Carol Bruneau writes about the interior lives of seemingly ordinary characters. In her newest novel, 71-year-old Lucy Caine is a woman few people would look at twice on the street, yet Lucy’s life has been extraordinary. The terrible explosion that flattened Halifax during the First World War took away her family, including her tiny daughter, and cost her husband, Harry, his eye. Some 50 years later, a stroke levels Harry, and though it’s a minor blow compared with the scale of the earlier ones, it threatens everything Lucy has salvaged and clung to.
Glass Voices demonstrates how profoundly love shapes lives, no matter what else happens. Yet Bruneau gives us little romance in Lucy’s existence with her “clan,” made up of Harry, her son Jewel, his abrasive wife Rebecca, and their feckless, dope-smoking son. The burden of Harry’s care falls upon Lucy – which seems grossly unfair, given what a lousy husband he has generally been, drowning his sorrows after the disaster in gambling and carousing. Lucy’s desperation produced her own guilty secrets, including a liaison with an escaped German POW and an isolation so desperate she once set down her infant son and walked into the sea in an attempt to drown herself.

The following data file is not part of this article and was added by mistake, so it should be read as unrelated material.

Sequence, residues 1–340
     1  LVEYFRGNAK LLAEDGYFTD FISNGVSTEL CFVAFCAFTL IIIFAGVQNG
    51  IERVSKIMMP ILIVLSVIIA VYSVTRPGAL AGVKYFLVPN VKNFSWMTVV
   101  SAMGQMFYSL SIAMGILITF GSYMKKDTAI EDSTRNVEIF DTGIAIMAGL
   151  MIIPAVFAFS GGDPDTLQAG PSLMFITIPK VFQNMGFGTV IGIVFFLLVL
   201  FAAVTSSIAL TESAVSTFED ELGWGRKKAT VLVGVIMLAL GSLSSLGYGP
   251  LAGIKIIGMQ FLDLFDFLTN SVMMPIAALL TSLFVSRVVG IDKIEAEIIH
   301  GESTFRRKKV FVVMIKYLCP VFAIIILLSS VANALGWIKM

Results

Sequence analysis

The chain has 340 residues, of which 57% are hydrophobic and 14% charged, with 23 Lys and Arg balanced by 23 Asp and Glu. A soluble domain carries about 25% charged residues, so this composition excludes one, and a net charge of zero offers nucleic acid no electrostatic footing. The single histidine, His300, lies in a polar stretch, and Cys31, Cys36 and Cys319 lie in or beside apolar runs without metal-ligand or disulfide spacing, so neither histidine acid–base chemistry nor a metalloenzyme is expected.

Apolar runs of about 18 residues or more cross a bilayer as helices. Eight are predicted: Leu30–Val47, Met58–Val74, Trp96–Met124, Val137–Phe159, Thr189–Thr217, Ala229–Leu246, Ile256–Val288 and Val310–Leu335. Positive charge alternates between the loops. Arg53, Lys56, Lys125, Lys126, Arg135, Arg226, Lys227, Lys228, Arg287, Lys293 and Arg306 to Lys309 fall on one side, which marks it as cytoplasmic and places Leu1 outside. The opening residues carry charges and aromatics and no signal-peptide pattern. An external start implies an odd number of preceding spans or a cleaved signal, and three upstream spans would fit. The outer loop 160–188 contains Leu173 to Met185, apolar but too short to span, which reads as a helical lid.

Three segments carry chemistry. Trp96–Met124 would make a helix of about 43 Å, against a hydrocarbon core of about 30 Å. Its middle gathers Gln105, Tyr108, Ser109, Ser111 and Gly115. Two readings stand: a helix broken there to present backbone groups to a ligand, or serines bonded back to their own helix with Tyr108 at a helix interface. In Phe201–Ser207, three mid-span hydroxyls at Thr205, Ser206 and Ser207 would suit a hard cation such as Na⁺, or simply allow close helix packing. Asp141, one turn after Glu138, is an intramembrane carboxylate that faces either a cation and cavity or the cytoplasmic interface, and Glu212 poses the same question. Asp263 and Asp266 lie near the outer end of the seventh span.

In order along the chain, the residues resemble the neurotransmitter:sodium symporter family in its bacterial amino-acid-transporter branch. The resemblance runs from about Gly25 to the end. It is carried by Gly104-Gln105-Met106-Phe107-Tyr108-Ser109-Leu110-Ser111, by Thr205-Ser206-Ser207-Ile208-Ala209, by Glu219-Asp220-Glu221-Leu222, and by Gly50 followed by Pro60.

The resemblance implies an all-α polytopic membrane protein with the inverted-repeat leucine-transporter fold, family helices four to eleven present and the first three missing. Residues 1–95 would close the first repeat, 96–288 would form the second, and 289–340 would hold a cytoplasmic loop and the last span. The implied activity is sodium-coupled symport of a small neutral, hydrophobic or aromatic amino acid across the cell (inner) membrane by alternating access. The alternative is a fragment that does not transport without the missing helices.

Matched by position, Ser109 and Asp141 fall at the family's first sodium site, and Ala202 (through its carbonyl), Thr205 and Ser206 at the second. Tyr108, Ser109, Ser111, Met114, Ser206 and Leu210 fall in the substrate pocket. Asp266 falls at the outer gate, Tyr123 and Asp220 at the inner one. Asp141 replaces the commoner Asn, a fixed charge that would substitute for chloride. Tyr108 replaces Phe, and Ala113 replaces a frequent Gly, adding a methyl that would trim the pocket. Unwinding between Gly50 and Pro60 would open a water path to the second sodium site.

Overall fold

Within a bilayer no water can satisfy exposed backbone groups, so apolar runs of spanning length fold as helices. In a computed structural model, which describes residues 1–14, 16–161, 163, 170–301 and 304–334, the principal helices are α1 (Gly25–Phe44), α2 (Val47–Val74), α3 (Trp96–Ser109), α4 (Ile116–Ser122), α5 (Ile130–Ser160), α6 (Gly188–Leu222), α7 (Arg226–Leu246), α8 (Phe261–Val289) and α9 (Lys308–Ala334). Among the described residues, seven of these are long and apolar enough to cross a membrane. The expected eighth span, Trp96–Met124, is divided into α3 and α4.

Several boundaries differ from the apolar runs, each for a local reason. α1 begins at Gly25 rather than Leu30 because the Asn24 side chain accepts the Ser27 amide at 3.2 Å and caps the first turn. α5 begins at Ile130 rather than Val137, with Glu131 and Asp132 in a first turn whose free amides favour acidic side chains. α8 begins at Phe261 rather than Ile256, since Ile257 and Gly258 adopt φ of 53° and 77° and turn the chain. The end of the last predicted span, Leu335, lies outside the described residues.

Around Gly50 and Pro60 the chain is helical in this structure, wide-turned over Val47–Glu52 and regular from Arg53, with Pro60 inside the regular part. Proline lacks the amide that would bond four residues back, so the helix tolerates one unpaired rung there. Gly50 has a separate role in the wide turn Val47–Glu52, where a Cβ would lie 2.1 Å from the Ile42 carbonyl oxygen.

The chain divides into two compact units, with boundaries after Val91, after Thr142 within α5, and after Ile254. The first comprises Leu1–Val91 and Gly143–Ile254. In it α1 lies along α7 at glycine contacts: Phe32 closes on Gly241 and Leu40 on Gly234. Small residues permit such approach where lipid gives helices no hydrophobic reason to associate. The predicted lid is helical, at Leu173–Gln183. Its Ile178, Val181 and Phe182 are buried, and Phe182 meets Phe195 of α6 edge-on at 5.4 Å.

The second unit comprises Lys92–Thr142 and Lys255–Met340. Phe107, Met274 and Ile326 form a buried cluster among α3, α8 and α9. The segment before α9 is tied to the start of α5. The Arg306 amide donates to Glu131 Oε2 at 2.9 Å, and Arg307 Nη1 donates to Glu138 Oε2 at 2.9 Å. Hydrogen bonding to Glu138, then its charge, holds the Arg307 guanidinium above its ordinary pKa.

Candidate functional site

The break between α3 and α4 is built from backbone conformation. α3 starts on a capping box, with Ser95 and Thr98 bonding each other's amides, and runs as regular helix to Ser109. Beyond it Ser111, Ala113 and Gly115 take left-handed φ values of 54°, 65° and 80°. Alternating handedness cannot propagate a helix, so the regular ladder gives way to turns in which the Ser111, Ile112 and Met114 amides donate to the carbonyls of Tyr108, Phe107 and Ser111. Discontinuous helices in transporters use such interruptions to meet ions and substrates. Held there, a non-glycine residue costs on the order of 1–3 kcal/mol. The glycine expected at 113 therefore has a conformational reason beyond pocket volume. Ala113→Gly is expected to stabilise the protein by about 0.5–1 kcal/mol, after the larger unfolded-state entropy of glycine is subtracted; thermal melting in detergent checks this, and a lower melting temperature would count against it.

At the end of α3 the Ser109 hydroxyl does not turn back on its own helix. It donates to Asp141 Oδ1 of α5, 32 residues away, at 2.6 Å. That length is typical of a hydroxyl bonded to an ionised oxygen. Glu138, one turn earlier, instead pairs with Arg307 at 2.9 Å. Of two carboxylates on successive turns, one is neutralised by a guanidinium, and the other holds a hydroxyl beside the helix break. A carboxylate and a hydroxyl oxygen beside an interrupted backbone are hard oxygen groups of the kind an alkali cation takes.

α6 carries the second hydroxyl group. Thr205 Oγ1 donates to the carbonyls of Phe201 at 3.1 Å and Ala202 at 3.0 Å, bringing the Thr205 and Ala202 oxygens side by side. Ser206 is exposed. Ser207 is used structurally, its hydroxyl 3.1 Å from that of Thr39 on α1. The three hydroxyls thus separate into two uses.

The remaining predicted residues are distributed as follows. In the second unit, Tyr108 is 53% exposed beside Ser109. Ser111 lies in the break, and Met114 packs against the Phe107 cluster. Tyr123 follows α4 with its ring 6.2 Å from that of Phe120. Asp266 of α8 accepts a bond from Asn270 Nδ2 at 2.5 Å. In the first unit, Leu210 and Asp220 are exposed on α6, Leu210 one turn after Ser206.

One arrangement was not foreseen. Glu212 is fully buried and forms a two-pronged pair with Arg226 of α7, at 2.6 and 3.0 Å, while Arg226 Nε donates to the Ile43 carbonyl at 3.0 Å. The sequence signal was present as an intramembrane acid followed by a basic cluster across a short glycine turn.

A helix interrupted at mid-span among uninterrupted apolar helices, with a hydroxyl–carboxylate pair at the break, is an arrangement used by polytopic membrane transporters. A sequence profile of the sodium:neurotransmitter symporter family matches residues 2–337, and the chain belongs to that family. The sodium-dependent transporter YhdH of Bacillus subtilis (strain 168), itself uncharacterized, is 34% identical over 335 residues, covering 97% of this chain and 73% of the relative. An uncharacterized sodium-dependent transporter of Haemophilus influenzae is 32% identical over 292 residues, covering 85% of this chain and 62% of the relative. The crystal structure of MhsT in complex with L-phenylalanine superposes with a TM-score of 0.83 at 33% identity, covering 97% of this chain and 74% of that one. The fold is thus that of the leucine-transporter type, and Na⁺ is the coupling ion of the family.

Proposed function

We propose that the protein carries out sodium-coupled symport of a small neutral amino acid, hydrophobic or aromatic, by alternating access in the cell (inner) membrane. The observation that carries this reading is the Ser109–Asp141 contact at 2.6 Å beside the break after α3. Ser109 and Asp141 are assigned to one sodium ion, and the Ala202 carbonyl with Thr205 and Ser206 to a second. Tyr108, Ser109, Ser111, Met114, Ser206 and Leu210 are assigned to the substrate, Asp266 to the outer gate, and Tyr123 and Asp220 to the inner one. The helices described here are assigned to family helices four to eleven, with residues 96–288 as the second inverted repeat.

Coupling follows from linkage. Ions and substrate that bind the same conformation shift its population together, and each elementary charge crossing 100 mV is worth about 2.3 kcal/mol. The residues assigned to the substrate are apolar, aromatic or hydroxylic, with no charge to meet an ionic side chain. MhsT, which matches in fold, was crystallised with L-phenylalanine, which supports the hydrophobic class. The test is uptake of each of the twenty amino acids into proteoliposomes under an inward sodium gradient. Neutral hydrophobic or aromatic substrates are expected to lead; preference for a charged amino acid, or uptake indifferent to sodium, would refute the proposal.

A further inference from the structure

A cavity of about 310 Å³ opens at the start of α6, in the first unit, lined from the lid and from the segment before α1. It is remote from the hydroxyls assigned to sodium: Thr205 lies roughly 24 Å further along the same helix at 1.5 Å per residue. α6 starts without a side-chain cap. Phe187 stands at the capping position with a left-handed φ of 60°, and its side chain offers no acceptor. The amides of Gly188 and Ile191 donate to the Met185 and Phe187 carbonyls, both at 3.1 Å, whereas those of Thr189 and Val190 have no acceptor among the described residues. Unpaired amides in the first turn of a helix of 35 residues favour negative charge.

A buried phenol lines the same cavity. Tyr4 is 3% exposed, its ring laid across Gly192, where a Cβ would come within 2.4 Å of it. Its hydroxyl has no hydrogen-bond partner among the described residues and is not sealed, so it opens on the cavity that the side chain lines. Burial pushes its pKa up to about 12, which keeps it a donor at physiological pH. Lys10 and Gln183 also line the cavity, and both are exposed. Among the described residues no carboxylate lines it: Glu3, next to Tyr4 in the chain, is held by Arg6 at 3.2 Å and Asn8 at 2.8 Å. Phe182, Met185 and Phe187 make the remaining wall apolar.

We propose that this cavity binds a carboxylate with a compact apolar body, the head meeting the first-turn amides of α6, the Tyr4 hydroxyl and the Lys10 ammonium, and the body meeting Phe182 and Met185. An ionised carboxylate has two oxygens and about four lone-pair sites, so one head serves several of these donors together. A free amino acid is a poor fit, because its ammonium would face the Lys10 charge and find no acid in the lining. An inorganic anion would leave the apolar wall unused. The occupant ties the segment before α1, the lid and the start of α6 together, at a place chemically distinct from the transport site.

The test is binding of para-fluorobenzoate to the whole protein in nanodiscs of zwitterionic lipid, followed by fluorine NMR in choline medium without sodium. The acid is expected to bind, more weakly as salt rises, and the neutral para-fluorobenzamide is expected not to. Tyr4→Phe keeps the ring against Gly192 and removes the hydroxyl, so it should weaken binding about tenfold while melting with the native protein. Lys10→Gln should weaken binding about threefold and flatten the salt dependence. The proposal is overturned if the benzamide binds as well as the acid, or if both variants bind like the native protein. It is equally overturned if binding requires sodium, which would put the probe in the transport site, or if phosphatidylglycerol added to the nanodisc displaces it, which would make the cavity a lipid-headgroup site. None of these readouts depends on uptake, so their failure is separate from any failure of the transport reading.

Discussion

Bruneau’s first novel, Purple for Sky, won several Maritime awards, and this, her third, is almost as good. The stream-of-consciousness evocation of Lucy’s life is textured and rich. It is often funny, too, particularly when immersed in the shag-rug tawdriness of the 1960s. Despite the excruciatingly slow pace of Harry’s recovery, and the grim circularity of Lucy’s preoccupations, the reader is pulled steadily along by the unfolding past. Then, at the book’s end, two events blindside us and once again change the landscape of Lucy’s life.